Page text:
Angel Heart
Lions Gate

Starring Mickey Rourke, Robert De Niro, and Lisa Bonet
Review by Wayne C. Rogers

Though Angel Heart isn’t what I would call a slasher/dasher film, it’s still one of the best horror films made before the turn of the century. It’s what I would refer to as a slow burn, edging its way carefully toward a mind-numbing climax that leaves you drained because you’ve learned to care for the lead character and what happens to him. You see, Harry Angel isn’t really a bad guy, plus he tries to do the right thing as a private investigator. True, he’s somewhat of a low life; but then again, it’s the perfect set up from beginning to end with each clue leaving the reader with a strong desire to find out more about this person and the missing guy he’s searching for.

As writer and director of the film that’s based on the bestselling novel, Falling Angel, by William Hjortsberg, Alan Parker made a number of changes in the storyline. I’ll discuss those after I briefly give you a rundown of the main theme of the story.

For the movie, the time period is 1955, instead of 1959 in the novel. Harry Angel is at the bottom of the barrel as far as private investigators go. When he’s hired by a law firm to help a somewhat bizarre gentleman, Louis Cyphre, to find a missing person from the forties, Harry makes the comment that he must have been picked out of the phone book because his last name is the first listed under detective agencies – Angel. The client wants Harry to find a missing crooner named Johnny Favorite, who was on his way to becoming a big success when he was suddenly drafted into the Army during World War II. Johnny went overseas as an entertainer, but was seriously injured during an air raid. He was later sent home and ended up in a clinic located in upper New York. Cyphre had a contract with Johnny and wants it honored. He knows Favorite is supposed to be in the clinic and hires Harry to check into it to see if a con is being pulled on him.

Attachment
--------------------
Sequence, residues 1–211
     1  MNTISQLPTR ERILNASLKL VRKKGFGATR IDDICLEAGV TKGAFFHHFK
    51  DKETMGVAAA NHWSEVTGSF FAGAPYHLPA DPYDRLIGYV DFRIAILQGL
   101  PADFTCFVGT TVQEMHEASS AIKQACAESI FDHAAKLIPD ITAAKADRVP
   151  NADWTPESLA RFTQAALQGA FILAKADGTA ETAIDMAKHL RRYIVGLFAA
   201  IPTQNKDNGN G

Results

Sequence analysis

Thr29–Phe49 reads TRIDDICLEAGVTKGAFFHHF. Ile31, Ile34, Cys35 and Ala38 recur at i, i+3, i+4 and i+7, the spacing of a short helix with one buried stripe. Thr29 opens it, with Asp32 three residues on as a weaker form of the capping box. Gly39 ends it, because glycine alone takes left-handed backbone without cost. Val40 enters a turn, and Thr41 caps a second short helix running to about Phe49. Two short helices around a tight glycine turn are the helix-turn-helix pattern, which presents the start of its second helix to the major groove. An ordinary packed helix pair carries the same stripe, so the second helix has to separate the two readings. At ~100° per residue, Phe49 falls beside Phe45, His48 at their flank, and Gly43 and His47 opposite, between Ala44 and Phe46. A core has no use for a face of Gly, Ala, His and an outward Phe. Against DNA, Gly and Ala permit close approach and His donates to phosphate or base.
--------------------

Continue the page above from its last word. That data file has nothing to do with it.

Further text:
After some snooping around in upper New York, Harry quickly discovers that a man named Edward Kelly and a mysterious woman signed Johnny Favorite out of the clinic on the day World War II ended in Europe. The doctor who gives Harry the important information is then murdered right under the investigator’s nose. That makes Harry not only a suspect in the murder, but also weary of the entire situation. Cyphre talks him into continuing with the case by upping the fee. It isn’t long before the P.I. finds out that the crooner had two girlfriends in town. One was a fortune teller who operated out of Coney Island and the other owned an herbal store in Harlem. The case eventually leads Harry Angel to New Orleans where all hell breaks loose and the bodies start piling up like logs for a fireplace.

One of the good things about the movie is Mickey Rourke’s portrayal of Harry Angel and Robert De Niro’s performance as Louis Cyphre. Though Angel is definitely at the bottom of the economic ladder, you still come to like the man. When he takes a job, he gives it his all and doesn’t mess around. He’s the first one to tell Cyphre that Johnny Favorite is probably better left alone because this was not a nice guy and few people liked him. De Niro as Louis Cyphre gives you the creeps, especially when he’s eating a hard-boiled egg. The way his dark eyes stare into the camera sends shivers down your spine. The thing is De Niro is seldom in the movie. He only has four scenes, but he steals them every time with his brilliant, but underplayed performance. Rourke tries gamely to stay up with him, but it’s a challenge. You can tell at times that De Niro is also having fun with the role. Rourke does much better when out on his own, attempting to find Favorite.